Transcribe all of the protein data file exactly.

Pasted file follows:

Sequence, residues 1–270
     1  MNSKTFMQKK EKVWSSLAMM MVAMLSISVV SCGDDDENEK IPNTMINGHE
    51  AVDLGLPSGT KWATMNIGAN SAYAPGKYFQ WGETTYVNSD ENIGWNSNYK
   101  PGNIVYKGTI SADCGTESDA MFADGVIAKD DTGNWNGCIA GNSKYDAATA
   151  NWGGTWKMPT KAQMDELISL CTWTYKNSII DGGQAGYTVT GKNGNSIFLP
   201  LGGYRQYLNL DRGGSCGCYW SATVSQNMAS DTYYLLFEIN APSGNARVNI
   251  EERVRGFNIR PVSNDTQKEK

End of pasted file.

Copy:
Sequence, residues 1–270
     1  MNSKTFMQKK EKVWSSLAMM MVAMLSISVV SCGDDDENEK IPNTMINGHE
    51  AVDLGLPSGT KWATMNIGAN SAYAPGKYFQ WGETTYVNSD ENIGWNSNYK
   101  PGNIVYKGTI SADCGTESDA MFADGVIAKD DTGNWNGCIA GNSKYDAATA
   151  NWGGTWKMPT KAQMDELISL CTWTYKNSII DGGQAGYTVT GKNGNSIFLP
   201  LGGYRQYLNL DRGGSCGCYW SATVSQNMAS DTYYLLFEIN APSGNARVNI
   251  EERVRGFNIR PVSNDTQKEK